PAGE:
Settling down, I understand this is no ordinary playdate of a group of friends, although it is obvious that the youngsters are all good friends. It’s actually a regular meetup of a robotics club team to practice for the finals of the First Lego League (FLL) Estonian finals (that were held in Tartu in early March). It’s probably no coincidence that out of all the 37 teams participating in the finals both girls-only teams are from Laagri.
Brigitta, Norah, Mirjam and Karmen are best friends since kindergarten and being third graders now, it’s their second year taking part of the FLL robotics competition. Although the official rules would allow them to start competing this year as they are nine years old. Last year they were part of a boys/girls mixed team called “Laagri Garbage Heap Monsters” with Mirjam’s twin brother Oliver and his classmates and a few older friends who were in charge of building the robots.
This year they decided to go for a girls-only team and Aimei, Grete and Viivian also joined in. The seven members took a vote on the new name and it was decided it will be “Laagri LaTüü”: an Estonian/French version of “Cool Girls from Laagri”.
Why do they like robotics and why did they pick such a name for the team?
“Because we love to compete and beat the boys!” a well-coordinated answer comes instantly.
Mirjam’s brother Oliver will have to admit that LaTüü has indeed beaten his team, “The Sandwich Aces of Laagri” since they did not make it to the finals. “The boys took far too many risks,” the girls say. Nevertheless, Oliver is adamant that he is not envious of his twin sister since he can now spend more time on his other hobbies instead of prepping for the finals. Nevertheless, he has agreed with his friends that they will participate in Robomiku, yet another Estonian robotics competition held in April.
Computers on the dancefloor?
Being successful in Lego League is a result of a mix of components. While building, testing and programming autonomous robots using Lego Mindstorms EV3 robots to solve a set of missions on an obstacle course like saving a shark from a cage, taking a bumble bee to the beehive or turning on the milking machine, the teams will also earn points for their creativity, teamwork and core values. The latter will be expressed in a “value proposition”: in LaTüü’s case it’s saving the koalas by building shelters for the cute marsupials.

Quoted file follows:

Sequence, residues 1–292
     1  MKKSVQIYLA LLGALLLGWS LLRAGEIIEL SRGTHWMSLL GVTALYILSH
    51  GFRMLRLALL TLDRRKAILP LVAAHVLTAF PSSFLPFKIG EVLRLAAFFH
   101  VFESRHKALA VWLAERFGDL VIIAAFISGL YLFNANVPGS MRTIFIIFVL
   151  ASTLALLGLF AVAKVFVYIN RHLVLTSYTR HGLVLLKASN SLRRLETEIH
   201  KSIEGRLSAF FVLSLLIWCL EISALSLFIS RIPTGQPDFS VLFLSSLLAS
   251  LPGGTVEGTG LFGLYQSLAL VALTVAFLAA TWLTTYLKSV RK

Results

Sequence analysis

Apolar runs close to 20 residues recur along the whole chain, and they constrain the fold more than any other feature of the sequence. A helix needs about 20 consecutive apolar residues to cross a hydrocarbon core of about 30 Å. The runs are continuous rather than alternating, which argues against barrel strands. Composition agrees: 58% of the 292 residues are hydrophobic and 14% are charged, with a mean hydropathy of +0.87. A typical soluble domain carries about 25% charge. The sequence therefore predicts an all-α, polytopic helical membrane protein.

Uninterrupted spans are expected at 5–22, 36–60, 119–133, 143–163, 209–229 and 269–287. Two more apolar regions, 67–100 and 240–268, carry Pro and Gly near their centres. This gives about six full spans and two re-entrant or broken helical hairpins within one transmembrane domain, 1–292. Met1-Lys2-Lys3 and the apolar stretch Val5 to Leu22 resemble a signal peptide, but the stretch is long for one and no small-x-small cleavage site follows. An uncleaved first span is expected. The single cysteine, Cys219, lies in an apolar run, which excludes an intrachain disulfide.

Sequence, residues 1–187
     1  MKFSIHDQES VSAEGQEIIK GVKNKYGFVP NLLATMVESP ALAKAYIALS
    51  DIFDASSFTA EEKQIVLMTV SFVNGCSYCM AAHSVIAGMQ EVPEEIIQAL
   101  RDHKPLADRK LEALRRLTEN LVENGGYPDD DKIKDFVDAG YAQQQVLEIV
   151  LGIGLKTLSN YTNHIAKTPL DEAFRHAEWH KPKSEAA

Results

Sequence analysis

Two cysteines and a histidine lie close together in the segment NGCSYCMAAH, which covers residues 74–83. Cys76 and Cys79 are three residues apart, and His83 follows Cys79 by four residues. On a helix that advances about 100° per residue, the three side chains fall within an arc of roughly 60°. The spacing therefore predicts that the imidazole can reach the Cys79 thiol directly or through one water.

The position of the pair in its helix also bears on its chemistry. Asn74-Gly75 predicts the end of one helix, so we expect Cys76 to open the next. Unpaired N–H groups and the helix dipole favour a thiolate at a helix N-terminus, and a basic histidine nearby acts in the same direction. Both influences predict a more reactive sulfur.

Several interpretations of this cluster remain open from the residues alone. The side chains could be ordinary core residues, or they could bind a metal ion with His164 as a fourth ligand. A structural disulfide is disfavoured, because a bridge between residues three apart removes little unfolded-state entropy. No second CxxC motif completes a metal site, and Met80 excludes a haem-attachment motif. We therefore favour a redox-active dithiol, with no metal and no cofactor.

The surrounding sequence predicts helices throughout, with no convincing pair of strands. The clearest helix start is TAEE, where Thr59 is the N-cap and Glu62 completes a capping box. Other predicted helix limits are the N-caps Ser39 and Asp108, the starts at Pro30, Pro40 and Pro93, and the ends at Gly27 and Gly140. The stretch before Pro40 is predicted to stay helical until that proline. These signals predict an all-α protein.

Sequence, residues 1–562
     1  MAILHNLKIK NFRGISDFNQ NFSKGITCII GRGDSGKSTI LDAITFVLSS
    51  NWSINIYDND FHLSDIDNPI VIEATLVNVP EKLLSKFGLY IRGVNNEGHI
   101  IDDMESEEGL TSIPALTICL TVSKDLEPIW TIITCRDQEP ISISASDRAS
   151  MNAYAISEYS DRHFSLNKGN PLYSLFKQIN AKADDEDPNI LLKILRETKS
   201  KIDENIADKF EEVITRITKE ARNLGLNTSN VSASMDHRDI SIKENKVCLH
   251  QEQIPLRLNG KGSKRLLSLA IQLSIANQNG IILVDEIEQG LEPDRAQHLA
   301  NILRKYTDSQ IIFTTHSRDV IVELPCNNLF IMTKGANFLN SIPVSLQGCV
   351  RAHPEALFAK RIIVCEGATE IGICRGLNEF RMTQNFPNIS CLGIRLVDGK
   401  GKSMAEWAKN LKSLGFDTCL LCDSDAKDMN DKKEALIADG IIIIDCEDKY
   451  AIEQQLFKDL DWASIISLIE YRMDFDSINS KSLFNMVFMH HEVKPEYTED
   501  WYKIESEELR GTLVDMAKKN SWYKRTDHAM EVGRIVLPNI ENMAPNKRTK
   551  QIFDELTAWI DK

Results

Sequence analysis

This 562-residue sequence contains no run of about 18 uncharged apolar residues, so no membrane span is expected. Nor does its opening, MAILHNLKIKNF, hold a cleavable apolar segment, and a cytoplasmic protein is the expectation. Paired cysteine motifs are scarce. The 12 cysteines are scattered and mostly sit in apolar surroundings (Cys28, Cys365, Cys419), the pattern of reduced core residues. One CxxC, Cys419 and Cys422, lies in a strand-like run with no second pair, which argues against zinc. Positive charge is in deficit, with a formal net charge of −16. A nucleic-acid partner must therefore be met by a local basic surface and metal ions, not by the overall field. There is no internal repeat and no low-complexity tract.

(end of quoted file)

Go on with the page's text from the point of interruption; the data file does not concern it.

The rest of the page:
“We decided that everyone picks an animal and then we vote. Koalas won,” the team explains enthusiastically. It does not really matter that koalas only live in Australia, they are an endangered species and the girls want to follow the golden rule: think globally, act locally. “Their homes and sole sources of food, eucalyptus trees, are being chopped off and burnt down fast and soon they will run out of food.” The girls have done their homework well; they have even found an unbelievable factoid that koalas are good swimmers.
LaTüü has built a model for a koala shelter where people, not animals are the ones to be fenced in. They have made themselves costumes that accompanied by fitting face paint and hairstyle will make them look like marsupials themselves, although unusually fast-moving and talkative ones. They have also prepared a video that they will play for their audience in the finals in the Estonian National Museum in Tartu.
The editing was done by Viivian, the oldest member of the team. “I got this new app called Filmora,” she shows me on her computer screen and counts a list of famous youtubers she follows and would like to invite to make a guest appearance in one of their upcoming videos. Last year they made a promotional video with a band called La La Ladies where LaTüü was teaching the singers how to “do a mission”, ie solve the challenges on a robo-trail. “So the girls could also be wiser and be better than boys,” Brigitta sums up at the end of the video why the girls should attend robotics classes.
Although LaTüü has more than proven the point in less than a year, the wider problem does not seem to be disappearing. “My niece just dropped out of robotics club because she could no longer resist the boys solving all the challenges for her,” Viivian is disappointed.